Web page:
2022 Religion and Peace Studies Newsletter
Message from the Chair
Greetings to all of our alumni from The George Washington University Department of Religion and Peace Studies!
I am pleased to report that we remain back on campus and are once again enjoying the benefits of in-person engagement and collaboration. Through this newsletter, you’ll read about a few of the exciting things happening in the department, including the achievements of our Religion and Peace Studies community and news from across Columbian College and the university. There are also some fabulous alumni events on the docket, and I hope you have the opportunity to attend one of them and engage with fellow graduates. Thank you so much for your support and involvement. Please stay in touch!
Dr. Irene Oh
Religion and Peace Studies Department Chair
Religion Majors to Publish Senior Theses
Two recent religion alumni—Katie Kunkel, BA ’22, and Kate Twomey, BA ’22—have produced senior theses that will be published in the Journal of Theta Alpha Kappa, a national student honors society for religious studies and theology sponsored by the American Academy of Religion and the Society of Biblical Literature. Kunkel’s article analyzes the phenomenon of Buddhist monks who utilize self-immolation as a form of political protest. It builds on her thesis, “A Body in Flames: The Necropolitics of Self-Immolation Protests in Tibet.” Twomey’s article, “The Saint and the Bomb: The Mystical in Salvador Dalí’s ‘Madonna of Port Lligat’ (1950),” examines the religious symbolism and motivations in Dali’s mid-century surrealist art.
The David and Sherry Berz Endowed Lecture headlined novelist Eman Quotah, who recently published a highly acclaimed novel, Bride of the Sea. The Abbie Ziffren Memorial Lecture headlined Ruth Ozeki, an award-winning novelist and Zen Buddhist priest, who spoke to a large audience of faculty, students and friends.
Speaking to a full auditorium at the GW Student Center, Quotah shared insights about religion from her childhood spent in Ohio and Saudi Arabia. She discussed her creative process and read excerpts from her book. Her talk was published in the journal Kweli.
Ozeki read excerpts from The Book of Form and Emptiness, a novel that follows the life of a 13-year-old who hears objects speaking to him. She discussed the many influences that contribute to her writing and answered numerous questions from a riveted audience. The Book of Form and Emptiness recently won the Women’s Prize for Fiction and the BC and Yukon Book Prize.
- Paul Duff collaborated with Margaret M. Mitchell from the University of Chicago on a revision of the new revised standard version (NRSV) translation of 2 Corinthians for the 30th anniversary of the publication of the NRSV Bible. He also wrote “The Corinthian Correspondence” in T&T Clark Handbook on the Historical Paul and “From Sinai to Corinth: Paul’s Allusions to Moses and Scripture in 2 Cor 2:14-4:6” in Scripture, Texts, and Tracings in 2 Corinthians and Philippians.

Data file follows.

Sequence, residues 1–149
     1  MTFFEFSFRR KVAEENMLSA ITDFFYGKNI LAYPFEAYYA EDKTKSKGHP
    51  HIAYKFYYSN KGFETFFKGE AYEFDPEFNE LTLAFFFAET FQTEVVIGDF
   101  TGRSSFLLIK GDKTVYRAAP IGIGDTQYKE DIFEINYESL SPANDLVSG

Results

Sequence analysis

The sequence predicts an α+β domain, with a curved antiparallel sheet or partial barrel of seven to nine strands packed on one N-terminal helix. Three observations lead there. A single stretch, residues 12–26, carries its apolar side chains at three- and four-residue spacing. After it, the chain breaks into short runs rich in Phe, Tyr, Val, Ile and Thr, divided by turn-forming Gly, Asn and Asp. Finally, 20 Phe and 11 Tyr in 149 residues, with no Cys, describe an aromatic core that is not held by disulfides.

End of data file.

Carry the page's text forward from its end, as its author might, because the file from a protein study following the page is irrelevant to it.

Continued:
- Robert Eisen’s forthcoming book, Jews, Judaism, and Success: How Religion Paved the Way to Modern Jewish Achievement, has been accepted at the University of Toronto Press, and is due out in May 2023.
- Mohammad Faghfoory delivered a keynote speech on “The Possibility of Integration of Islamic Concept of the Science of the Soul and Modern Psychology” at the Alkaram Institute. He gave several lectures this year including “The Meaning of Ramadan and the Eid al-fitr celebration,” delivered to 67 global MBA students participating in Consulting Abroad Program, Trachtenberg School of Business Administration. He wrote the following publications: “Combating the Religionization of Terrorism: Governmental, Inter-Governmental, and Non-Governmental Perspectives”; “Nasir al-Din Al-Tusi’s Ethics and Concept of Social Class”; an essay review on Ayman S. Ibrahim; Conversion to Islam: Competing Themes in Early Islamic Historiography; and “Shah Esma‘il, Deputy of the Hidden Imam” (in collaboration with Willem Floor) in Zeitschrift der Deutschen Morgenlandischen Gesellschaft. For the second year in a row, he delivered the invocation speech at GW’s commencement ceremony on the National Mall.
- Irene Oh and ESIA Professor Rollie Lal secured a $3,625 grant to establish a University Seminar, GARNET: The Global Affairs and Religion Network. GARNET brings together faculty and graduate students from across the university to discuss research and current events over monthly roundtable discussions.
Alumni Class Notes
- Fiona Carmichael, BA ’22, winner of the Harry Yeide Prize, received a Dean’s Scholarship for the University of Maryland Law School and is a first year law student.
- Ricardo Flores, BA ’22, works in the finance department for SPIDR Tech, a law enforcement software company.
- Matthew DeGioia, BA ’13, JD ’20, is a practicing lawyer at Andalman & Flynn, P.C. He is barred in Maryland and the District of Columbia and specializes in disability benefits, estate planning, probate litigation, guardianships and other areas of civil litigation.
- Olivia Dunn, BA ’20, began working with the Smithsonian Institution National Museum of Natural History in procurement, finance, and acquisitions after a year of teaching special education.
- William Klein, BA ’19, is pursuing a Master of Arts degree from the Graduate Theological Union with a focus on inter-religious studies. His time in the religion department helped set the course for his career.
- Elyssa Scharaga, BA ’09, is a clinical neuropsychologist and co-director of the Center for Cognitive Health in New York.